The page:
What it is like to be a Muslim woman

…and why we know what freedom is.

For Part Two of this, see here. For a defense and rationale of the title ‘What it is like to be a Muslim woman’, see here.

For more from the ‘what it is like to…’ series see here and here.


I have keys.

When I first moved to the United States eleven months ago, it took me several weeks to grasp this bit of information.

I have keys.

I have keys to my own front door and I can open this front door and walk down the street whenever I want to.

I can walk down the street without being watched through the windows and without anyone calling my parents and telling them I am roaming loose on the street.

I can walk down the street, sit down on a bench under a tree, and eat an iced cream cone. Then I can stand up and walk back home.

There will be nobody waiting for me at my house to ask me where I have been, refuse to let me in, call me a liar, and use my walk as renewed incentive to rifle through all of my possessions for proof that I am doing something wrong.

Because the simple desire to take a walk cannot but hide something deviant.

Because there is no good reason why a woman should want to walk down the street just to walk, and expose herself to the questioning and predatory eyes of the neighbors and strange men.

I have keys to my front door, now, and I can open my front door and walk down the street whenever I want to.

In the first weeks when I was in the United States, I had so much fear and trembling at this freedom. I stayed in my apartment alone during my first two days in my new home, and when I did finally venture out, I checked to make sure my keys and ID and wallet were in my purse a thousand times. I wore long, flowing dresses and tied my hair up in a scarf even though it was August and very hot, even though I am an atheist who happens to find no personal value in modesty, even though I was not going out to meet anybody and knew not a single man in town, even though I tried to convince myself that in this land it wouldn’t matter if I was. I looked around every corner and checked over my shoulder in case my father was somehow watching, lurking.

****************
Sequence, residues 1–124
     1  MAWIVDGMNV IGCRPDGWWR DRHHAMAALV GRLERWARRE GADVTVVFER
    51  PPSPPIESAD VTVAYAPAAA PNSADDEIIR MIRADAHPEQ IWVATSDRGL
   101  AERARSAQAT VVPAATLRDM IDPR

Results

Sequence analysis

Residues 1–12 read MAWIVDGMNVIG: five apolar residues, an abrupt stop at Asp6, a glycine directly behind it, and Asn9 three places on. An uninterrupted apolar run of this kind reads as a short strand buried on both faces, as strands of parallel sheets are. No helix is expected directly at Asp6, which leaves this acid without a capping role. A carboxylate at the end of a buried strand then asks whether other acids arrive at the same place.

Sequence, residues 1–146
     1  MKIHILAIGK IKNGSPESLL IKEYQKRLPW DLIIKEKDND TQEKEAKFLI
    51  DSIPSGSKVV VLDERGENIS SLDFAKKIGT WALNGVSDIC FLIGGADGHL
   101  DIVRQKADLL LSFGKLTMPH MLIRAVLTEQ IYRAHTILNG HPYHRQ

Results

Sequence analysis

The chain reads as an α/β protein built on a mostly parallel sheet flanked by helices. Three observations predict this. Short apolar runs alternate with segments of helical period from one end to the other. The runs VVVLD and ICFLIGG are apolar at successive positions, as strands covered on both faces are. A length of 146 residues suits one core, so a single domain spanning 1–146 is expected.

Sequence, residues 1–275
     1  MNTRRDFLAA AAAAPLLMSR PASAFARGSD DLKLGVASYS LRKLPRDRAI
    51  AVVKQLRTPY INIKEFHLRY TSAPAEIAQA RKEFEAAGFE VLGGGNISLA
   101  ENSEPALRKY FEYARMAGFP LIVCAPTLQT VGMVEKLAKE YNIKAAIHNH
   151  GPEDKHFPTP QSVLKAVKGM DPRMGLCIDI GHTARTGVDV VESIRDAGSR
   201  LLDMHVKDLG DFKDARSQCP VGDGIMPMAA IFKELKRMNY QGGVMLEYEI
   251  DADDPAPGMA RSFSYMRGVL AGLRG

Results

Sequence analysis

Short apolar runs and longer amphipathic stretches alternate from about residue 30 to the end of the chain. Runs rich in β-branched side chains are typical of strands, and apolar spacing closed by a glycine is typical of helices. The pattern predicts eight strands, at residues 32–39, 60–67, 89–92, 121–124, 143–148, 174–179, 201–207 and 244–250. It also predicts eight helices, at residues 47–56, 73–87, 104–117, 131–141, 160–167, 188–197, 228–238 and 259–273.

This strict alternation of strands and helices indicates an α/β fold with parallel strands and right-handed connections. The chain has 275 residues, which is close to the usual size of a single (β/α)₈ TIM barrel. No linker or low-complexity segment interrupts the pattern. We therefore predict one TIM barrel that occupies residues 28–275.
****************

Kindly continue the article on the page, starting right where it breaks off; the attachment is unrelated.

It took a couple of months to stop expecting to see my father in a place I was going or coming from.

I soon got into the groove of my new life, my new graduate program, my teaching and department readings and events. I actually went to bars and stopped feeling guilty about it. I met people. I made friendships, some of them with men, none of them that I had to hide or lie about. I had sexual and romantic relationships.

And all this while, and even now, it sometimes feels like I am another person living a distant dream. A phantom woman. A woman who is only pretending to do things and be things that were never hers.

Even now, I sometimes cannot believe I am not hallucinating all of this from a dark room in Beirut.

Even now, I wake up from dreams of Lebanon and think, “I have my own place. My front door. MY key. And I can open the door and walk out into the street? Whenever I want? And I have MY papers and MY things and MY income? And I can just go somewhere. When I want? I can do this?”

It must be a sick joke.

And I can be at the library however late I want without panicking and fearing for my safety once I go home? Without knowing the neighbors will call me a whore? I can have people over when the sun is down and some of them can be men and we can play games and eat and drink and talk together and nobody will hurt me because of it?


And if I leave something someplace, I will come back and find it where I left it, unless I moved it myself.

And if it’s somewhere else, it is likely I moved it and forgot, and I will not start panicking, wondering where and why and how it was moved. I will not wonder: if whoever moved it saw it, did they see that other thing and did they do something with it and what do they know and what do they not know?